In the beginning, between 1971 and 1972, John used a Rickenbacker 4001 bass guitar, but had trouble recording with it. Because of that, he switched from this instrument to a Fender Jazz Bass for a very short time and then in 1972 went for a Fender Precision, which became his main and personally typical instrument practically for the rest of his career (that year he was given a 1965 model by the record company and second Precision 1968 model he bought in 1974). Over time, he modified these two pieces in different ways, especially visually. Over the years, in some of the tracks he also used a Music Man StingRay, Kramer DMZ 4001, Fender Precision Bass Elite, Fender Telecaster Bass, fretless Fender Precision, Warwick Buzzard, Wal Pro Bass. According to the information available, J.D. used Rotosound RS77 LD 045 Bass flatwound strings and Superwound 606 roundwound strings. Not much is known about the bass equipment, but it is obvious that John had it sorted with great complexity (for instance, it was set up by the acclaimed Pete Cornish). He changed the equipment frequently and also combined different brands of individual components, the known ones being Orange AD200B, SWR SM-900, SWR Goliath, Sunn 412L, Acoustic 371, Acoustic 301, Alembic F2B, as well as products from the Sound City, Peavey, HiWatt and custom-made devices by Pete Cornish.
On stage, John Deacon acted naturally, did not make a big show of his part, mostly stood slightly aside and played somewhat for himself. This was an expression of his introverted personality. However, he has some special movements of his own creation—for instance, when he spun around and ran across the podium in various ways. John ended his musical career in 1997 when he retired and since then never got involved in the subsequent Queen reunions with Paul Rodgers and later with Adam Lambert. However, to this day Queen fans all over the world recall him and feel a bit upset that he will most likely never join Brian May and Roger Taylor on stage again.


Interpretation of John Deacon's music is not easy, considering its wide range. It requires certain musical skill and wisdom, solid playing technique and reliable mutual understanding with the drummer. Bass lines are usually very varied, include frequent changes, and therefore require also a good memory to play all the nuances. Also John's sound plays an important role for the high-quality interpretation—I aim to attain this with the Fender Precision Bass from 1977, which is made of the same wood as John's (natural alder body, maple neck, rosewood fingerboard) and fitted with the vintage Seymour Duncan Antiquity II pickups, which are an exact replica of the original pickups produced in the 1960s. I use the Rotosound PSD99 strings which are an analogue of the Superwound 606 ones—those are no longer produced nowadays. To reach the greatest consistency of the overall result, I use the Kemper Profiling Amplifier, which is currently the most advanced digital device for reproduction of real devices and effects. Thanks to this utterly authentic simulation I can use different John's devices from each period and switch between them during concerts according to the needs of each given song. For the sake of maximum accuracy, I have also altered these sounds in the music studio comparing them to John's original recordings of his bass. For my core sound, I use the Alembic F2B simulation in combination with the Sunn 412L box and the Acoustic 371/301 set. I play the tracks as closely to the original as possible, following both the tones and the expression, as well as in terms of the playing technique. I usually try to stick to the original versions, but I also like to use the different variations that appeared during live performances.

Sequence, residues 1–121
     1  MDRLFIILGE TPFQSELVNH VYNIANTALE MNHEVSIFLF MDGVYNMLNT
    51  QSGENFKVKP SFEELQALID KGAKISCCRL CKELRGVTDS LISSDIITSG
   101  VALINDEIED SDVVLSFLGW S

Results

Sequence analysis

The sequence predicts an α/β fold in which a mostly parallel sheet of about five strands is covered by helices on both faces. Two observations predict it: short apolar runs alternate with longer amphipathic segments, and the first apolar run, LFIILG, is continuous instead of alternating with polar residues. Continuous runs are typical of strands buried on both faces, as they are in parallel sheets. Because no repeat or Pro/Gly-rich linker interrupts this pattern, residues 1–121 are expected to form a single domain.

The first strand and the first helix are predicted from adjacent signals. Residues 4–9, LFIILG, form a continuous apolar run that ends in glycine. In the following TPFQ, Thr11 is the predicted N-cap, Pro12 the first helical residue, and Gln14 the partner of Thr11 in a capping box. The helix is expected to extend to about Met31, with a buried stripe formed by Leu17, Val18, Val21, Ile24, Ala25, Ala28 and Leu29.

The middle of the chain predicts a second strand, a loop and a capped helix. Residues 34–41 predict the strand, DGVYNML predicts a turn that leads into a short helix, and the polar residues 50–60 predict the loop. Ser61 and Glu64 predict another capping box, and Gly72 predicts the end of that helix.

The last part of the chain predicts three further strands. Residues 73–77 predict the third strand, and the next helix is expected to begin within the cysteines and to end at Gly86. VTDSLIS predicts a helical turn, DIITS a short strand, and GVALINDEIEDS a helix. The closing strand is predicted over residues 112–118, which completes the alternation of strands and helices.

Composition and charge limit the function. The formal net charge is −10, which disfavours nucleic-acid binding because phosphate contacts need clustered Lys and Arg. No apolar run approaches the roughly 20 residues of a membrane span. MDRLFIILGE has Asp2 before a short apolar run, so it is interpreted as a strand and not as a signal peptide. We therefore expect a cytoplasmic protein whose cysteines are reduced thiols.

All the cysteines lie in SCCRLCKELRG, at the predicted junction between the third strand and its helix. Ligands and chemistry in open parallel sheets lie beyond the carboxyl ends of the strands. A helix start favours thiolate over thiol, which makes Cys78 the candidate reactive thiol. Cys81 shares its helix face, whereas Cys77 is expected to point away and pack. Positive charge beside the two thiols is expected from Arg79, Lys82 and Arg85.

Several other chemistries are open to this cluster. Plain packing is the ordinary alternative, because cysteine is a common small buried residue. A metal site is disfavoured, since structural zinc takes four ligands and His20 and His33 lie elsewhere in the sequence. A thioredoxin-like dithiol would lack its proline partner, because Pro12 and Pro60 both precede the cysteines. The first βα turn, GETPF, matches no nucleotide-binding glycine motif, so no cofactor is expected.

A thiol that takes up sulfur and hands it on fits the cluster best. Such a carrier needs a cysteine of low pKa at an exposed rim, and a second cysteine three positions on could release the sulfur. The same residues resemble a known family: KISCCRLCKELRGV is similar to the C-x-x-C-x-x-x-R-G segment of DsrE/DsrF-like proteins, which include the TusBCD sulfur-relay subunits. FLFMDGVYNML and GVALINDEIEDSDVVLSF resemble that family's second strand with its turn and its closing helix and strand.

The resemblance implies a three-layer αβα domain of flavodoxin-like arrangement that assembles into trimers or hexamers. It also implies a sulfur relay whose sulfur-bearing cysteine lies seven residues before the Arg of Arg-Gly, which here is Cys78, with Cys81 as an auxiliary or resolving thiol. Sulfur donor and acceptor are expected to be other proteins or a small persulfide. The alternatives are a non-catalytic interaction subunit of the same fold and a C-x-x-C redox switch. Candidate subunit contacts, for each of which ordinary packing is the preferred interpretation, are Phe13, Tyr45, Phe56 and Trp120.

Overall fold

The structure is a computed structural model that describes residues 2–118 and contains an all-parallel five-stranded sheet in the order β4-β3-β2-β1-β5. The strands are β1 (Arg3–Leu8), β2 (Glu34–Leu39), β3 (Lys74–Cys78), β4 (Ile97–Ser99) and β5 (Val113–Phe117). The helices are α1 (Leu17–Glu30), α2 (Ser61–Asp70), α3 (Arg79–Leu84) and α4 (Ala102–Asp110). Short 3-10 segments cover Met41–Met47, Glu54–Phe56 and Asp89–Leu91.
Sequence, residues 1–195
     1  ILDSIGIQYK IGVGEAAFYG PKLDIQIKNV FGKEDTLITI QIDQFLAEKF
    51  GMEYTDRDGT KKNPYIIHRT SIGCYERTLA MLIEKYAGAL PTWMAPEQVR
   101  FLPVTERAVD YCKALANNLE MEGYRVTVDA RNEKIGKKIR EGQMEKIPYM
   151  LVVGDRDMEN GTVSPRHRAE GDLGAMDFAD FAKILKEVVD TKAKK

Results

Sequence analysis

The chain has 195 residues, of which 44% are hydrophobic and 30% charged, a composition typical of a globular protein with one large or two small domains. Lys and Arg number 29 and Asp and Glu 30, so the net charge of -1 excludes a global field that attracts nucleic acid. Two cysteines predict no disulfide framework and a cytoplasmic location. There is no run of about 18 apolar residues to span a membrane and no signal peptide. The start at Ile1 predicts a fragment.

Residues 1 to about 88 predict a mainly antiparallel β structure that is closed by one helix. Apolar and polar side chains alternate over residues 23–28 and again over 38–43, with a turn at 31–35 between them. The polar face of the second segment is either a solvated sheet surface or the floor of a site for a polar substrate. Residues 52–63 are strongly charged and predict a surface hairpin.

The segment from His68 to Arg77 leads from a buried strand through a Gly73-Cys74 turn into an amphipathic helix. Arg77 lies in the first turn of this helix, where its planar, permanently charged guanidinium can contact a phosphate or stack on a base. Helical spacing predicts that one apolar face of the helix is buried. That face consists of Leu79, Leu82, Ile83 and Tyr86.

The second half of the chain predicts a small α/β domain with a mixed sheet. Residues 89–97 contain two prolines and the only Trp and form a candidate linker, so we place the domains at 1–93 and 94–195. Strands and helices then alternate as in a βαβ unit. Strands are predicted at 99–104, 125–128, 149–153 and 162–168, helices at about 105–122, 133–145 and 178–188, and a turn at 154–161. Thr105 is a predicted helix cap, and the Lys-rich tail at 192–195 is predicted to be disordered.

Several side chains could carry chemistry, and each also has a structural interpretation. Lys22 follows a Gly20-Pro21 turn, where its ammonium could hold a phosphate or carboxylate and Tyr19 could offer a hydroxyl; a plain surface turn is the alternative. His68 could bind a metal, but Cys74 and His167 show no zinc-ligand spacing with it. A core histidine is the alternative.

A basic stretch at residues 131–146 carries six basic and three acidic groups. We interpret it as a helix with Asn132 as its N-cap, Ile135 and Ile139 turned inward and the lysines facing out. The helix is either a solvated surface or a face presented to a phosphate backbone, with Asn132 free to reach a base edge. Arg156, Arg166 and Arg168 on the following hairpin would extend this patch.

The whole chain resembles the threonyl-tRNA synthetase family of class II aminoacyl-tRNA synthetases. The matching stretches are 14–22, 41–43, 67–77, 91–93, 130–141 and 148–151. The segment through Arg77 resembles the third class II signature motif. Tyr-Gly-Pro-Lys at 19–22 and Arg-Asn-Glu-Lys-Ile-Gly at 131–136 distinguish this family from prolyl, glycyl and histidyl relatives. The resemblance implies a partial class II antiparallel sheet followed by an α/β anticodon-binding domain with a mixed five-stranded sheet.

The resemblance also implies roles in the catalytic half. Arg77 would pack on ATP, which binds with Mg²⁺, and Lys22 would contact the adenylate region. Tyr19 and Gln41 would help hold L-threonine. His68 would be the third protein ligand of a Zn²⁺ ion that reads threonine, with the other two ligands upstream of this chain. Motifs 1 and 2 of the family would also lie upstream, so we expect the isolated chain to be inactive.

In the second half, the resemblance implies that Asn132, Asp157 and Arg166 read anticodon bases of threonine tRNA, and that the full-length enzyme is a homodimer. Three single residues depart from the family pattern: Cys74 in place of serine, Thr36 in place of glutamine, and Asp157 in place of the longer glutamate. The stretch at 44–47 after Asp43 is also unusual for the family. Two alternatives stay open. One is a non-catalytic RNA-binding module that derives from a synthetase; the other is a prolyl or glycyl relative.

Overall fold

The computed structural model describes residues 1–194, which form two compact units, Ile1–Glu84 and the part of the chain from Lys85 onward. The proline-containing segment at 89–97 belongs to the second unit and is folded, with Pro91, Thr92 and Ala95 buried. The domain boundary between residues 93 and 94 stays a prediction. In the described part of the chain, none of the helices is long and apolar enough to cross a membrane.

And how do I learn the songs of Queen? For the most part, I listen and analyze the bass line by myself. Queenie often take elements from concert versions of songs that do not have official music notes (I can not believe the tabs on the Internet and I do not like playing by them anyway). The advantage is that when I listen to a song and learn how to play it by myself, I will remember it right away. Nonetheless, if the bass notes for the song in that version do exist, I usually do it by playing by them along with the recording and only checking the differences. This method is definitely faster than analyzing the entire song by listening alone, but on the other hand, the song is harder to memorize. My approach is that where it is played with fingers, I play with fingers, and where it is played using the pick, I use the pick as well. This is usually best seen from videos, but often can be noticed by the ear alone too.

Finally, I would like to say that when you do a complex listening analysis of Queen recordings, it becomes undeniable that John Deacon is very stylistically distinctive and his sound is easy to recognize. John's charac­teristic melodic approach to making bass lines distinguishes him from many other bass guitar players and creates a very typical footprint in his recordings. This makes him a very influential and internationally acclaimed musical personality not only among bass guitarists.